There are thousands of WordPress themes available on the market, both free and paid. It’s important to know that not all themes are created equal. Selecting a good theme will not only make your life easier during initial launch, but it also prevents the need for changing themes in the future. Here are some tips on selecting a reliable WordPress theme for your website.

1 – Author/Framework Reputation

The first thing you should look at is the author of the theme. Some themes are designed by individuals and others by formal theme companies. Additionally, there are theme infrastructures. For instance, Genesis is a parent theme built on a specific infrastructure by a company called StudioPress. There are many Genesis child themes, both directly from StudioPress and from third parties. We are a fan of Genesis because of its reputation, solid code base, and design flexibility. Some themes can have issues with faulty code, conflicts with popular plugins, etc. By selecting a theme from an author or framework with a good reputation, we are less likely to experience issues and/or more likely to get answers to questions when issues are encountered.

2 – Updates and Releases

As WordPress core and server-level (i.e. PHP) updates get released, themes and plugins must often adjust their code to adapt. Thus, it’s important to consider how often theme updates are provided. Some themes rarely update their code, while others routinely update and improve. If the author of your theme fails to issue updates, you may run into problems with website performance or compatibility. This could force the need for a theme change, which will cost you valuable time and money. Thus, availability of updates is essential for selecting a reliable WordPress theme.

3 – Paid versus Free

As we mentioned earlier, there are both paid and free themes. Paid themes tend to include more features, which can make them worthwhile, especially if it saves your developer time in custom-coding those same enhancements. Paid options can vary. Some include only a one-time fee. Others have a large up-front fee and a lower annual fee for future updates and support. A third option are subscription based services that grant access to all themes and plugins offered by a company. Also, fees can be specific to the number of websites. Some are single-site licenses and others include unlimited use. When selecting a theme, be sure to review their fee structure and include that in your budget.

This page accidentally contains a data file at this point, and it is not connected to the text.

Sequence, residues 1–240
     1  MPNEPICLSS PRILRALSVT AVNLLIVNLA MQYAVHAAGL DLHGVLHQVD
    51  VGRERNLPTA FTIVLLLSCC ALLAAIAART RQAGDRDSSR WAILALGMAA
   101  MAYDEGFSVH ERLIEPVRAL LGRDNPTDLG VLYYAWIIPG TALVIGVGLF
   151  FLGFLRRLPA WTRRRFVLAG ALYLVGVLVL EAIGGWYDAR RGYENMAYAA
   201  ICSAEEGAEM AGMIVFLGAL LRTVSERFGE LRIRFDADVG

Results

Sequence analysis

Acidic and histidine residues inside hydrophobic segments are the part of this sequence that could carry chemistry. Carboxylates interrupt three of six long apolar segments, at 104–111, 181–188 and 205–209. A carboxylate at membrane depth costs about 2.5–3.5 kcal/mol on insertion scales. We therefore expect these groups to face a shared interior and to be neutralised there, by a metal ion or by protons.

4 – Options and Features

The last consideration for selecting a reliable WordPress theme are the options and features included. Some themes use the default WordPress editor, Gutenberg block editor, custom field plugins, short-code based layouts, common third-party page builders (such as WP Bakery), or their own page builder tool. Understanding how pages are built are important for several reasons:

  • Ease of Use – Simple page editors are easier for first-timers, although options and features may be limited.
  • Layout Options – Some themes have a custom home page layout and standard lower level page templates,… or a certain number of layout templates. Themes using page builders are often more open-ended and can achieve almost endless layouts.
  • Future Website Development – How does the theme meet both your current and future needs? Having the flexibility to enhance your website in the future can save you the trouble of switching themes later on.
  • Future Theme Changes – If you do need to switch themes later, how easy will it be to do so. For example, themes using page builders insert theme-specific shortcodes into the body of pages. It can adapt if your new theme also uses the same editor. If not, then you’ll need to edit each page and remove dead codes.

More Tips on Selecting a Reliable WordPress Theme

What could happen if you select a not-so-great theme? Initially, everything will probably be fine. However, a few things could happen over time. First, if there are glitches with the them due to plugin or WordPress core updates, you may have difficulty getting it resolved if the theme developer is unresponsive. It may cost extra to have that original developer or a different person evaluate and correct the problem. Some themes may fail to work altogether in the future if updates aren’t applied to comply with server software changes (i.e. PHP releases) or WordPress core updates. You may end up needing to swap to a different theme in the future if you are unable to resolve issues.

The above are just a few key considerations for selecting a reliable WordPress theme. There may be other critical factors depending on your business model and purpose of your website. If you are unsure about your theme selection, discuss your needs with a WordPress developer/consultant.